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Tax Tip: What Should You Bring When Meeting with a CPA?

Try to bring your prior two years tax returns and any tax notices you have received in that time. Don't forget your W-2’s and last pay stub for the year, too.

 

Ron Mutascio is a certified public accountant with a business office located at 415 Belgrade Ave., West Roxbury. He is providing tax tips - do you have a tax question that you would like him to answer? Leave a comment below this article or email davide@patch.com.

Situation: When first meeting with a CPA, what should an individual bring i.e. documents, pay stubs, etc.?

Mutascio: OK, so you have decided that doing your own taxes is worse than going to the dentist and you are looking for help. Choosing a CPA to do your tax work is a great choice. In my practice, a potential client usually calls me and asks the standard questions, 'Can you do it?', 'When can you do it?' and 'How much will it cost?' Before those questions can be answered, if it is feasible, I request a meeting with the potential client. I get referrals for tax work from all over the country, so occasionally meeting face-to-face is not an option. But assuming you are local, I ask the potential client to review my website before our meeting. I believe people should have an idea of what they are buying before they go to the store. I may be more than what they need, and is makes no sense to spend my time and their money if they don’t need someone with my expertise

When they do decide to come in, I generally ask them to bring their prior two years tax returns and any tax notices they may have received in that time. I also ask them to bring in their W-2’s, last pay stub for the year, all 1099’s for interest, dividends, other income, any year end brokerage statements, investment K-1’s, Social Security year end statements and any pension income 1099’s. As to expenses, my office is not the size of Gillette Stadium, so I do not want boxes of receipts for items they believe are tax deductions. Bring the basic information: mortgage interest paid, real estate taxes paid, excise tax on your car, but summarize as much as possible medical expenses such as prescriptions, doctor and dentist bills, etc., as well as any charitable donations.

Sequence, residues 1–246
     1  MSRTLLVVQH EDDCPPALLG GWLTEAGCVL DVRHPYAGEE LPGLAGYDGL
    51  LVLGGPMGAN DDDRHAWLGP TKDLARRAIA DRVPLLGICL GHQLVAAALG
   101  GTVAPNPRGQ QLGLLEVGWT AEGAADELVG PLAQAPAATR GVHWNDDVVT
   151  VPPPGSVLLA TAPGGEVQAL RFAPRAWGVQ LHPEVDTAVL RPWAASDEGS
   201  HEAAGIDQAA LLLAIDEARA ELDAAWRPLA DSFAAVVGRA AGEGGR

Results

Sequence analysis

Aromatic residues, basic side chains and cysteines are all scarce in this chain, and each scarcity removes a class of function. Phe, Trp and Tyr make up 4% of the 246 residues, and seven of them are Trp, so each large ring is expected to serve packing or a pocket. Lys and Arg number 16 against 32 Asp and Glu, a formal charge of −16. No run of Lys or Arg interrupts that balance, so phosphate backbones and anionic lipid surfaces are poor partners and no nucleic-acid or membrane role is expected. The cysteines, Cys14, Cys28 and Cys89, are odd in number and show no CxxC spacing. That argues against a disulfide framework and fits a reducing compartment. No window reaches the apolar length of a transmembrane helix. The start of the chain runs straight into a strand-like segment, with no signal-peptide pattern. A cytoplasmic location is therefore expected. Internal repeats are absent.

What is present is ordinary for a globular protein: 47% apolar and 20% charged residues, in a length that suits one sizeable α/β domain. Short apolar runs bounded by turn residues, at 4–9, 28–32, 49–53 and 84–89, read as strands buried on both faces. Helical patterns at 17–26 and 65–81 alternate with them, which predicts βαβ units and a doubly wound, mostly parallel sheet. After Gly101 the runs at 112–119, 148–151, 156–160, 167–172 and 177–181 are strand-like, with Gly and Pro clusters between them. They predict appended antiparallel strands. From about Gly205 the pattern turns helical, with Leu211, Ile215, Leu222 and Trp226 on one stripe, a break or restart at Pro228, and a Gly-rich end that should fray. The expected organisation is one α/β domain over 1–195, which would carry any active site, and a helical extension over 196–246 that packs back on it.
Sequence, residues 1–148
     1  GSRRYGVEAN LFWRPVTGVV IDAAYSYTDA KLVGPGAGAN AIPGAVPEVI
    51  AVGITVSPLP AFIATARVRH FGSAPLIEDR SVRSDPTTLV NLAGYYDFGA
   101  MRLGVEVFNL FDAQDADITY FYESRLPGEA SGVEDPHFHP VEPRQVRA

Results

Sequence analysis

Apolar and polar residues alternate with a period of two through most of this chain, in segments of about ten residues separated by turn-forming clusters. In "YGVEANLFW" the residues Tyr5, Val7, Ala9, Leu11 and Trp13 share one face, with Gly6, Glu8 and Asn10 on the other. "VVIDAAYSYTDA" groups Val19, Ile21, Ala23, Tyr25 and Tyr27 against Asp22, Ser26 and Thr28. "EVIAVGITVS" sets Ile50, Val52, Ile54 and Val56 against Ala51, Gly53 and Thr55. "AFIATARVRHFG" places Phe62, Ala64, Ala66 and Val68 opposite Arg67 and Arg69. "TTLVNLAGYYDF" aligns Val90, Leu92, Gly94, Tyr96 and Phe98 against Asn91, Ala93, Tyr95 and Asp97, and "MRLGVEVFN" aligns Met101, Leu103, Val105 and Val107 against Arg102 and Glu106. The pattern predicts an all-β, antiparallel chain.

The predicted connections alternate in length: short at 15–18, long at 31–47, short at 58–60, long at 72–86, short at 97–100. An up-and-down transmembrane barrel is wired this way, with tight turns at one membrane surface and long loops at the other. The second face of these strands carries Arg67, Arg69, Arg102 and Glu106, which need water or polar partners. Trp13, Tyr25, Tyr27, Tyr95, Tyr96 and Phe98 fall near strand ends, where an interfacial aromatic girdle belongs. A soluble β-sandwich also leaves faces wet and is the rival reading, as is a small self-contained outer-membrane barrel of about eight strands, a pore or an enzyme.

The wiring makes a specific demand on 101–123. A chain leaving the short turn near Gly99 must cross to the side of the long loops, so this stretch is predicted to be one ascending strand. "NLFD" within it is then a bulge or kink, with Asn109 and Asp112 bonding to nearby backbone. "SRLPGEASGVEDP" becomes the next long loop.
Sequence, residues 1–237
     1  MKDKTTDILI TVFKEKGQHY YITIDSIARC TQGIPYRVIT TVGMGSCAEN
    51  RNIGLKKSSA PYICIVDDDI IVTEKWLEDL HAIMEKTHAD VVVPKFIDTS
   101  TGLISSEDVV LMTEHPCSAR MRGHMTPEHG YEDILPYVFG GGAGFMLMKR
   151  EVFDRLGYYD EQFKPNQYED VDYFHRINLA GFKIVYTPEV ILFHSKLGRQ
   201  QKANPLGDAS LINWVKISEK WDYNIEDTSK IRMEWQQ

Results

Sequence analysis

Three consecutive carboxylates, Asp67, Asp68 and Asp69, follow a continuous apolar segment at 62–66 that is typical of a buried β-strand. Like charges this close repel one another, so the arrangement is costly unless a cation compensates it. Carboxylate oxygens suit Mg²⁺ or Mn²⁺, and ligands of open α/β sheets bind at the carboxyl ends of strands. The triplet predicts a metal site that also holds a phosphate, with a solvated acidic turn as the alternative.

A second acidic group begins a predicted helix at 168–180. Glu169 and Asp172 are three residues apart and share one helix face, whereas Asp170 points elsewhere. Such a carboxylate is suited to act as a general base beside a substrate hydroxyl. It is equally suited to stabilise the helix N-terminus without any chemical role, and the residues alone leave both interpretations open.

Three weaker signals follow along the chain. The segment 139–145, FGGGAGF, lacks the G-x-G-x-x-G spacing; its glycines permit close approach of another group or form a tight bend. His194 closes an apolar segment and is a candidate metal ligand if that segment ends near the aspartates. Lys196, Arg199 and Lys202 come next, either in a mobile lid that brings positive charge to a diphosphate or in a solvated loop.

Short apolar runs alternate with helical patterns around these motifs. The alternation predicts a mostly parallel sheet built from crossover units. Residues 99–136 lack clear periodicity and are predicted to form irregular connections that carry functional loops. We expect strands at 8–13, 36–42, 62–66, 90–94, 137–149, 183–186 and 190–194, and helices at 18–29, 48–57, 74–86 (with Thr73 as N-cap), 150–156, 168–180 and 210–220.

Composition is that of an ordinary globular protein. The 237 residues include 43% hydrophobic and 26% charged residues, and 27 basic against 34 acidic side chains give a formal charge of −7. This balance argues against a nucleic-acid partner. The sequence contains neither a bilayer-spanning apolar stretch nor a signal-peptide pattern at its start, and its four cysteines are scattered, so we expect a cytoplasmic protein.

We can talk about what support you will need to have for me take these deductions once you are here. There is generally no need to rent a UHaul before you come to see me... Remember, it costs you more if I summarize your data instead of you. If there are rental properties, or the individual is self-employed, summarize the income and expenses related to these activities, or bring along the computer files on disc or thumb drive.

Unfortunately, it is very rare that someone has everything they need at this initial visit. Either the client hasn’t received it, didn’t know they needed it, or had no idea it was deductible or taxable. After the taxpayer has left, I like to go over the data and list what is missing. Once I have a better idea of what I need to finish the tax return I will call the individual with questions or tax saving ideas that arise in the preparation. Once we have both gotten over the pain of that first year return, most of my clients fill out tax organizers, custom designed with their prior year data. This generally eliminates the need for an office visit the following year, unless the client really misses me.              

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